As I noted the other day, we’ve been reconsidering our asset allocation. Setting aside the finer details of how much we want in which type of investment, we also need to get a handle on how to structure our holdings across accounts.
Our situation is perhaps more complex than that of the average family, in that we have seven different investment accounts of various flavors. This includes two Roth IRAs, a SEP-IRA, a 403(b), a 457(b), another work-related retirement account, and a taxable investment account.
Unfortunately, we can’t consolidate any of these accounts (at least not until I leave my current job) so we’re stuck with the complexity. Nonetheless, I’m committed to treating the whole ball of wax as a single pot of money for allocation purposes. After struggling with how best to manage things, I finally had an epiphany.
While we have a specific allocation in mind, there’s no reason that each individual account needs to look anything like our desired overall allocation. Rather, we can “lock in” certain accounts (particularly those with lower balances) with a single investment type such that we won’t have to deal with re-balancing them in the future. Rebalancing then becomes a matter of tweaking our holdings in a subset of accounts. Of course, we still have to make judicious choices when it comes to choosing a location for each asset type.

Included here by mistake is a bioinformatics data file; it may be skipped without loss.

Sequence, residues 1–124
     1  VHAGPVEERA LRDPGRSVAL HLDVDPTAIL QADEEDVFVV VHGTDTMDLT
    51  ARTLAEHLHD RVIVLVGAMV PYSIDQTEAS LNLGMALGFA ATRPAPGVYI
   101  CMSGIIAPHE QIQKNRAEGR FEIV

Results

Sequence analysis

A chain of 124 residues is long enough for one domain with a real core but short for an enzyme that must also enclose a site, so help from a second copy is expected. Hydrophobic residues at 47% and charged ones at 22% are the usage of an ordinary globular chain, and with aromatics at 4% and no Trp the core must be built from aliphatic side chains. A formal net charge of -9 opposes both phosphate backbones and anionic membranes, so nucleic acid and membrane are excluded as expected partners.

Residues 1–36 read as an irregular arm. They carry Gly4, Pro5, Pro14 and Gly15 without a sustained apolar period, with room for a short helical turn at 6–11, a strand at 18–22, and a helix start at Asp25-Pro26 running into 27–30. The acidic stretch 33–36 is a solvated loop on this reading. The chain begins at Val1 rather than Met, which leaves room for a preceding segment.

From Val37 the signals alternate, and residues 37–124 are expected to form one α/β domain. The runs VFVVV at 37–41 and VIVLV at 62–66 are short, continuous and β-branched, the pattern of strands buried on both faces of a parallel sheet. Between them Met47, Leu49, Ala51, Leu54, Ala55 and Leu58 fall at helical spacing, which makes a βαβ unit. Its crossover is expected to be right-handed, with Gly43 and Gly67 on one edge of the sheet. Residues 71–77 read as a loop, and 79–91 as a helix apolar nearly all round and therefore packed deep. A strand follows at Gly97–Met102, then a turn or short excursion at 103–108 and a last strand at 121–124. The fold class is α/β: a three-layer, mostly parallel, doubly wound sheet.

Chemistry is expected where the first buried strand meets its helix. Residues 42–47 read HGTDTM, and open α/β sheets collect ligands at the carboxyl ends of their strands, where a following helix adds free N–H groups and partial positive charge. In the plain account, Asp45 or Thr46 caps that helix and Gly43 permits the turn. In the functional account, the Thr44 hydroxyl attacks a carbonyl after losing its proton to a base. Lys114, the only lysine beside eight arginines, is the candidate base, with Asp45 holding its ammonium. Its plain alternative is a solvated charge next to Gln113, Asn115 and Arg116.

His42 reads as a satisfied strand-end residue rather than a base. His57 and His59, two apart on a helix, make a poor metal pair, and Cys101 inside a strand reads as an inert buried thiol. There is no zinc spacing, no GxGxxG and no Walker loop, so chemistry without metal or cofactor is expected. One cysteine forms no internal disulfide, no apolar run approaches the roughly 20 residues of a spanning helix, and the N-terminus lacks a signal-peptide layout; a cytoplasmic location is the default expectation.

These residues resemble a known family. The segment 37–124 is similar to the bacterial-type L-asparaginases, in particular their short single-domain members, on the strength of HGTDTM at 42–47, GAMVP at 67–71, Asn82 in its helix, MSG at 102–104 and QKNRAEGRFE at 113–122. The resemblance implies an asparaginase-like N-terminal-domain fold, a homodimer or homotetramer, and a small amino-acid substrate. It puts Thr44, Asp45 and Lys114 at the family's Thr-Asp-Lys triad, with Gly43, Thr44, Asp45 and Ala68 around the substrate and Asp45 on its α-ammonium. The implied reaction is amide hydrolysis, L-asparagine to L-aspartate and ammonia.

The guiding principles
- Tax inefficient (i.e., income-generating) investments need to go in tax-advantaged accounts.
- Our taxable account should hold only tax efficient investments.
- Since Roth IRA withdrawals are be tax-free, we want to maximize the value of those accounts.
Putting it all together
With the foregoing in mind, our entire bond portfolio will go into one or more tax-deferred accounts. Likewise, if/when we decide to add REITs, they will go into a tax deferred account. In contrast, our Roth IRAs will be 100% in stocks to maximize growth. Similarly, our taxable account will be 100% in stocks to minimize our tax burden.
The beauty of our current setup is that, while we have a lot of different accounts, my SEP-IRA is relatively large and we’re making regular (and fairly substantial) contributions to this account. As such, I suspect that we’ll be able to lock down all six of our other accounts with a single investment type in each (at least for the forseeable future) and then balance things out by holding a mix of assets types in my SEP-IRA.
The cornerstones of this strategy will be total stock market, total bond market, and total international index funds. These funds will primarily come from Vanguard, although there will be a bit of Fidelity and TIAA-CREF in the mix because of where two of our accounts are held.